New Delhi, July 28: Tough US rules on oil and gas along with India’s stern stand at the WTO talks on farm subsidy will be the talking points at a meeting this week of key leaders from both nations.
US secretary of state John Kerry and US commerce secretary Penny Pritzker will meet Indian leaders, including Prime Minister Narendra Modi, in the capital.
The leaders will discuss the possibility of waiving laws that force the US to sell oil and gas only to the countries with which it has free trade pacts .
Such a move could allow Indian companies, including Reliance, to import cheap shale gas from the US.
Also on the agenda will be the US’s concerns over intellectual property protection, especially in pharma, and irritants such as punitive duties on Indian steel, both of which were hurdles in India’s $100-billion-a-year two-way trade with the US, the world’s biggest market.
The US has already offered a special waiver to GAIL, India’s state-run gas pipeline giant, to buy shale gas from America.
GAIL can now import 3.5 million tonnes per annum of gas for 20 years starting 2017-18 from Sabine Pass LNG.
US laws do not normally allow the sale of oil and gas to any country with which it does not have a free trade agreement.
This law restricts US exports to the North American countries under the NAFTA trade pact.
However, GAIL was given a special waiver earlier this year.
Reliance has three joint ventures in the US to exploit shale gas assets. These are with Chevron, Carrizo Oil, and Pioneer Natural Resources.
In its latest annual report, RIL said it had invested $7.96 billion in the three US joint ventures since 2010.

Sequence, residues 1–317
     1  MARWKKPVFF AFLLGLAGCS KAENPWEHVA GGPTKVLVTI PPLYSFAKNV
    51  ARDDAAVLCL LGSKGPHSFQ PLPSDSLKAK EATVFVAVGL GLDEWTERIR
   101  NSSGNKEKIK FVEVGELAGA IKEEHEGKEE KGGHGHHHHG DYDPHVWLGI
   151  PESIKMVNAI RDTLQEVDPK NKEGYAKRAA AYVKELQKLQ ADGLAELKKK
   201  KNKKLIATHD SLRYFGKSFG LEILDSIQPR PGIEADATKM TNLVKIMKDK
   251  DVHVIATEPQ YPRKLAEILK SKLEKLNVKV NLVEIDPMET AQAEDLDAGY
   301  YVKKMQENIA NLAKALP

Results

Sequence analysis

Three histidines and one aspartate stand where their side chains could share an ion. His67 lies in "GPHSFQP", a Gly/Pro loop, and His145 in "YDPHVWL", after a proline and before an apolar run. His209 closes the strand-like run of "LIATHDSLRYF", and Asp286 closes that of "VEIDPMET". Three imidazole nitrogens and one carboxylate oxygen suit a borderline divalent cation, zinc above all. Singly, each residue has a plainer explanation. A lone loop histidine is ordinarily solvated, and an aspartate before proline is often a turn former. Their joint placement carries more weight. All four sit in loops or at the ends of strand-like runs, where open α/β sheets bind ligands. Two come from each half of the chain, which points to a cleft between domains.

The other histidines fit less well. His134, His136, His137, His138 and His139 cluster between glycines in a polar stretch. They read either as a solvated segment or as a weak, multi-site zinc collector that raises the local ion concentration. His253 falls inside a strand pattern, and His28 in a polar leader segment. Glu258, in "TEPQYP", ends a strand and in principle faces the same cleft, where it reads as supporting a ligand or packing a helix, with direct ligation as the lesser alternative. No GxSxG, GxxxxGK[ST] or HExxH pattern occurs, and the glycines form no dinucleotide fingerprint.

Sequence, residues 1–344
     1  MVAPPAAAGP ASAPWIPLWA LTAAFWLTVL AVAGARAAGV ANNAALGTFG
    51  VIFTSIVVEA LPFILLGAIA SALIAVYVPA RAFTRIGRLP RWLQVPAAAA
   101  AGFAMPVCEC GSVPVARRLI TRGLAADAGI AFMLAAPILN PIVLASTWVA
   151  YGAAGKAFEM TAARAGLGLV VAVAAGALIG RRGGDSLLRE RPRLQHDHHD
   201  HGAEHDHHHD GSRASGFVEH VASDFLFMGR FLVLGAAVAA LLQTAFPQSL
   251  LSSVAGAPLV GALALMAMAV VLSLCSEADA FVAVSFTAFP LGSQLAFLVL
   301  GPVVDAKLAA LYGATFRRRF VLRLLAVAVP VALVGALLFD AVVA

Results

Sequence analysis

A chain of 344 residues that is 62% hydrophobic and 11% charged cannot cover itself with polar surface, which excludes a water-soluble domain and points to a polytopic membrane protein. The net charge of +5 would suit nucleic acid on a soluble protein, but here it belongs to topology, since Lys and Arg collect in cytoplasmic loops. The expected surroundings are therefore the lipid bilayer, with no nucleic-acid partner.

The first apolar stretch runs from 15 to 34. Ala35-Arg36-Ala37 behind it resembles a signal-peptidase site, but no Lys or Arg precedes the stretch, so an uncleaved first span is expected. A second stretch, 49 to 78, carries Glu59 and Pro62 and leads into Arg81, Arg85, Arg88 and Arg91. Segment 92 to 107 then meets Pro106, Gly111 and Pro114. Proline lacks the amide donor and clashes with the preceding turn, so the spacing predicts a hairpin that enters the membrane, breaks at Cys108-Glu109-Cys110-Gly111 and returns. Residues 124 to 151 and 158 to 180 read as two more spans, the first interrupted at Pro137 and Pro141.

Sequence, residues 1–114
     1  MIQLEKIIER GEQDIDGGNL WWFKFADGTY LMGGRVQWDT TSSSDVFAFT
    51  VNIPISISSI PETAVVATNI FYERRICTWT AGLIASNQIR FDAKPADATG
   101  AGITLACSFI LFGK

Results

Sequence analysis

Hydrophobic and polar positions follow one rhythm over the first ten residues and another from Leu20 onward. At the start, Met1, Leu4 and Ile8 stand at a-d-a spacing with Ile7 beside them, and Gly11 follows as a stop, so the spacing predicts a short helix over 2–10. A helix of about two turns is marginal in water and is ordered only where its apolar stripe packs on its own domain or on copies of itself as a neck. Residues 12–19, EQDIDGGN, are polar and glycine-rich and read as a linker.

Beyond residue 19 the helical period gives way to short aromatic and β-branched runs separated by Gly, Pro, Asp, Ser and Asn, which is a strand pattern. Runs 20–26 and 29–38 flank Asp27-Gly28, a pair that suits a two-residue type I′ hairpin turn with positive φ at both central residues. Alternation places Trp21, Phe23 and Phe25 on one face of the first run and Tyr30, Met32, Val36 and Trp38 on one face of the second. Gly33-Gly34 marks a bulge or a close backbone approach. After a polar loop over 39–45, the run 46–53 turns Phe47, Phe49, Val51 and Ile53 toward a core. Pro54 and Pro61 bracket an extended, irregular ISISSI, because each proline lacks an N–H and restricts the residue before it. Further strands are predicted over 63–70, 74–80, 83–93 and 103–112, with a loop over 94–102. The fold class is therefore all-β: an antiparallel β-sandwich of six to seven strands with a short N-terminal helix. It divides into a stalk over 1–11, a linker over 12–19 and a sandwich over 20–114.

American trade negotiators are likely to push the Modi government to delay the generic manufacturing of a dozen or so patented drugs used in treating life threatening diseases, which an inter-governmental committee is currently studying.
Officials said the US trade representative had earlier made it clear that the US would publish a federal register notice and initiate an out-of-cycle review of India in August-September 2014, which can lead to sanctions.
During her visit to India, US assistant secretary of state Nisha Biswal had said: “There’s concern whether next-generation drugs would be protected, and how do you ensure that investments that are being made to develop ever-more effective drugs can then be continued.”
Besides manufacturing for the domestic market, India exports about $20 billion in generic drugs and the US fears that growing exports will cut profits and jobs back home.
The US has been imposing punitive duties on Indian exports, including steel. Despite a recent WTO ruling in favour of Indian steel exporters, officials feel the attempt to classify exports as dumping by the US is a continuing problem.
In return, India, too, has ordered punitive action against US manufactures.
Two months ago, India warned the US of anti-dumping investigations against its solar panels, after Washington took India to the WTO over the use of domestic components in India’s solar programme.